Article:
Recently, I've had chance conversations with a variety of people who have had interactions with my grade 7s over the past several weeks. A common theme is emerging about this class. The remarks are unsolicited and often finish with, "It's the culture in your classroom.|" Because I'm so immersed in the every day happenings in my class, I never really think about just how different we've become. We've made the shift to collaborative inquiry because research shows this is best practice. The long term benefit of working in this manner is now beginning to show.
Among the things that have been said to me:
There's something different about the grade 7s. They listen so well to each other.
Students who used to be at the office often in years past are no longer being sent to the office.
They are so willing to engage. They immediately form groups and jump into discussion.
There is no resistance when they are asked to explore a problem or begin solving a problem even if they don't yet really understand where they are going. This really surprised us. They just get into groups, grab paper and markers or chalk and begin.
(from a supply teacher) They just took care of themselves. They were fun.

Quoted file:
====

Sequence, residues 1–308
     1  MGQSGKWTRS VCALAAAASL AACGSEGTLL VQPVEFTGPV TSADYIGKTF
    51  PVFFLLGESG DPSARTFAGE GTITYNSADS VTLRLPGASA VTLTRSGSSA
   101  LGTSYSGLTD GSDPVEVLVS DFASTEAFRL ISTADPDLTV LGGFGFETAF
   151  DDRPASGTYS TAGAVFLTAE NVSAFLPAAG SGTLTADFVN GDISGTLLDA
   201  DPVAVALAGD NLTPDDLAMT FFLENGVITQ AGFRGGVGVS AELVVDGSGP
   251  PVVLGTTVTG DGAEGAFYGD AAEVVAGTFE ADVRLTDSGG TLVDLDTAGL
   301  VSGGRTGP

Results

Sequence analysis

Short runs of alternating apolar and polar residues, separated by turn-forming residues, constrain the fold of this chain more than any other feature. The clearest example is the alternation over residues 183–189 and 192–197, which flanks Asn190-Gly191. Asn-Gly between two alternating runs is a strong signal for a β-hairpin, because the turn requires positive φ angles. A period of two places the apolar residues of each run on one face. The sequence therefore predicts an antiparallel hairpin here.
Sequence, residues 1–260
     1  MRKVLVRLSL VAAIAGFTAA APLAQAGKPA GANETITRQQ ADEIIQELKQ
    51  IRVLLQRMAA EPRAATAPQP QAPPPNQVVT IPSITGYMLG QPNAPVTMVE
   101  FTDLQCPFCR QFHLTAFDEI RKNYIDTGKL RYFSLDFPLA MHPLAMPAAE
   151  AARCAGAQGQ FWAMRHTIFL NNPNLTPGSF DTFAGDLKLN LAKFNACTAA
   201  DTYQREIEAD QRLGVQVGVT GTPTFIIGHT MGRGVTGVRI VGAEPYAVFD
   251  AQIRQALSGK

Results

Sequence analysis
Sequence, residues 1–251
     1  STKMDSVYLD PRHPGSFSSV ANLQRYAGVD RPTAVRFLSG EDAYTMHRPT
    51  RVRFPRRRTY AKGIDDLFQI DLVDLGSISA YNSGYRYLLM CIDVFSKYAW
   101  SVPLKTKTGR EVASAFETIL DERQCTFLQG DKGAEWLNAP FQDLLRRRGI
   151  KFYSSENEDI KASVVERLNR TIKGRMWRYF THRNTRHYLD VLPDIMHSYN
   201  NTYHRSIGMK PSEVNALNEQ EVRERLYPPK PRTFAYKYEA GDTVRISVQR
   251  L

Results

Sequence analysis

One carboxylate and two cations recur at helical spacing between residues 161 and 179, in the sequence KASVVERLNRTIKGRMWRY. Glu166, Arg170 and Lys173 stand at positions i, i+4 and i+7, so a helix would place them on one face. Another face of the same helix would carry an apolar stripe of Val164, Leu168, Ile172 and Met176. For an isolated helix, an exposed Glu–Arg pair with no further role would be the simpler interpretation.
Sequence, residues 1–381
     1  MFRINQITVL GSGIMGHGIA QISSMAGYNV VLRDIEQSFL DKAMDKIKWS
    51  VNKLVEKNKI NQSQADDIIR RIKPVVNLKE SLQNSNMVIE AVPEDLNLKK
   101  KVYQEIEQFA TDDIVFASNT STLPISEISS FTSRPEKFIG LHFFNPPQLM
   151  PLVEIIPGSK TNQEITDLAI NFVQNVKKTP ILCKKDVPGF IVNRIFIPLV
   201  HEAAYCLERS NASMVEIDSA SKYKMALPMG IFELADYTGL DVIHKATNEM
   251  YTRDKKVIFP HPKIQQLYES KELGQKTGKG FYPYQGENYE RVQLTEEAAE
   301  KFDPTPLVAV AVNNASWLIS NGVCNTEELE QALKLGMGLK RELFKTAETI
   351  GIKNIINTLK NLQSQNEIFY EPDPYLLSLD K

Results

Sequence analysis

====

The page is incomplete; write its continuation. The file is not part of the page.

From a teacher who had to cover my class on short notice and had no schema for the subject we were studying: I saw you were studying Quebec. All I could think of was Quebec separation. So I quickly formed them into groups, assigned points of view (First Nations, English, French) and asked them to consider if Quebec should separate from Canada. They immediately went to different boards grabbed chalk and began discussing and mapping their points of view. It's just how they've been trained to work. That's just what's normal in your class.
I am so proud of my students and also grateful to the many researchers, curriculum developers, members of my twitter PLN, responders to my blog, colleagues and mentors who've helped me reformulate my understanding of teaching and learning. This is the result!